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MotorStorm Review





Developer: Evolution Studios Publisher: SCEA
Release Date: March 6, 2007 Also On: None

Ladies and gents, it’s finally time to get down and dirty on your PlayStation 3. Evolution Studios’ MotorStorm, a motocross-style racing game and one of the first PS3 games ever shown, finally explodes out of the gates in style. What makes this filthy, dirty, explosive racer so much fun? Most importantly, despite being a blast, is it actually worth the $60 admission?

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MotorStorm is a very simple game at face value. In fact, the gameplay is akin to Burnout–braking is hardly ever needed, and alongside accelerating you’ll be using a boost feature to stay ahead of the pack. However, Evolution Studios’ racer is much more technical in practice–each of the eight tracks featured in beautiful Monument Valley are loaded with jumps, blind turns, hidden paths, and slippery pits of mud. In fact, there are several different lines throughout each track. Rockhopper comes to mind when I think of multiple paths, narrow jumps, and huge drop-offs. The circuit offered in the downloadable demo was the high-altitude Raingod Mesa, which has one of the most exciting banked turns and cliff side stretches in the game. The Coyote Rage track is condensed but still features a lot of different paths and makes a wonderfully varied track for any vehicle. At The Grizzly, anything goes–it’s extremely diverse and alway exciting no matter what vehicle you’re driving.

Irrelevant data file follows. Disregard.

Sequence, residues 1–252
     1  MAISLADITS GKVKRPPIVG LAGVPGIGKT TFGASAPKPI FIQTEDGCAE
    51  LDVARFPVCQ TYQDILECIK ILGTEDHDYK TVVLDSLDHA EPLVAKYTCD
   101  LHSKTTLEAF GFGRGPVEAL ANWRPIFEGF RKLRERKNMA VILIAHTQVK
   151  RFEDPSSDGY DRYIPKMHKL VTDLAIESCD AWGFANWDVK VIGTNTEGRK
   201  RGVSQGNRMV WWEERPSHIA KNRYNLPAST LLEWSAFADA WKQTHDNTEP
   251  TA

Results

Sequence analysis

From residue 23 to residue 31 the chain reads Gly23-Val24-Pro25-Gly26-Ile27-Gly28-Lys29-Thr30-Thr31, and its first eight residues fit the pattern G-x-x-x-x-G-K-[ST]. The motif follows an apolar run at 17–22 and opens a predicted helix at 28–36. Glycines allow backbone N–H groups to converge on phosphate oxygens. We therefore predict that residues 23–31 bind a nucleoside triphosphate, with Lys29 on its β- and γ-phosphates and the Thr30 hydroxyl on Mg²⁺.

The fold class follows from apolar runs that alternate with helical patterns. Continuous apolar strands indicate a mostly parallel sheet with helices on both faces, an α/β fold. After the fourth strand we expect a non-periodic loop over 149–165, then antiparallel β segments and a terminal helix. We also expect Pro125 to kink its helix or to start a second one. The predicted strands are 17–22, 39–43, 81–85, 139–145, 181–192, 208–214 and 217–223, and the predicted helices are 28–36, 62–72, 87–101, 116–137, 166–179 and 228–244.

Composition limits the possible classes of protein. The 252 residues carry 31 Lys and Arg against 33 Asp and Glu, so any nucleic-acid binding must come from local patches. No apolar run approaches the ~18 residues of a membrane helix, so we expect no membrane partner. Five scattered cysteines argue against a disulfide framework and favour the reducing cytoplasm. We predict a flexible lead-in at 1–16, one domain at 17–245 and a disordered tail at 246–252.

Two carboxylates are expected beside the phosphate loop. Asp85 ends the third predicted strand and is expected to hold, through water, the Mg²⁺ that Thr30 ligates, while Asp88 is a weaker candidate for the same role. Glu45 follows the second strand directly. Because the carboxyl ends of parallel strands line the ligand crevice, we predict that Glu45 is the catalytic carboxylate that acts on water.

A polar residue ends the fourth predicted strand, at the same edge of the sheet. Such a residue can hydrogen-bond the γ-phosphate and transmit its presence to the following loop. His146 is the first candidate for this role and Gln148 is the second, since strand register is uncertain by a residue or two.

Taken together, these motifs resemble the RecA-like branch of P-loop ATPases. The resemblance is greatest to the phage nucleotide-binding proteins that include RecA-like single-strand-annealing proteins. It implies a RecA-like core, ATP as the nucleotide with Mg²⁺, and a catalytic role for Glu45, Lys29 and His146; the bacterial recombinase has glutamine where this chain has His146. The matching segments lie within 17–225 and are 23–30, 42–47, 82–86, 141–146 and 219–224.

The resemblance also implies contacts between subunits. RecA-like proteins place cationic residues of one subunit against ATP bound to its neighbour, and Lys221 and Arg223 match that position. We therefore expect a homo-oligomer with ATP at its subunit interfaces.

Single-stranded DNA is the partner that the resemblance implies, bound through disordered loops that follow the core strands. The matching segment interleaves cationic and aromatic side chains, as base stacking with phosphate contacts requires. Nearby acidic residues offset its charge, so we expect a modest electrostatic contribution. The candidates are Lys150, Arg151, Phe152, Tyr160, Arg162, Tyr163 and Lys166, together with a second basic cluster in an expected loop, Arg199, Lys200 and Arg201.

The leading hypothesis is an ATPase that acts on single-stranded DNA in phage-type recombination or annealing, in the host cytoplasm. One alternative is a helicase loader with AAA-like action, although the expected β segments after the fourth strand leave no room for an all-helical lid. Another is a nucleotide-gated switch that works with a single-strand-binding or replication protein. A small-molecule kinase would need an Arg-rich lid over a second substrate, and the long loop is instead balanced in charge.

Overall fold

The racing is very physics-based, and because of the various obstacles and racing lines, Evolution Studios offered seven different types of vehicles. You can choose from several kinds of rally cars, bikes, racing trucks, ATVs, buggies, “Mud Pluggers,” and big rigs. In that very order from left to right you lose speed but race the easy ground–bikes will always beat Mud Pluggers in the straight, but the ‘Pluggers will flat-out dominate them in the slippery low grounds of each track. Big rigs shove everyone around, but are clumsy to drive and incredibly slow to accelerate. Buggies were always enjoyable rides because they have a great balance of speed, control, and can handle most of the game’s different lines without a problem. Each vehicle controls differently in different terrain; rally cars can’t handle anything less than solid ground while ATVs earn their acronym by handling well in all terrain. Generally every vehicle handles well; I really liked the responsiveness of the ATVs and bikes, but the sluggishness of the big rigs and ‘Pluggers helped in the low grounds. Different vehicles also have different boosting advantages and disadvantages: big rigs can boost for a much longer time than other vehicles, but the boosting still doesn’t make it a speedy candidate. Bikes and rally cars explode forward but take some time to cool down. Learning each vehicle is just as important as knowing each of MotorStorm’s tracks.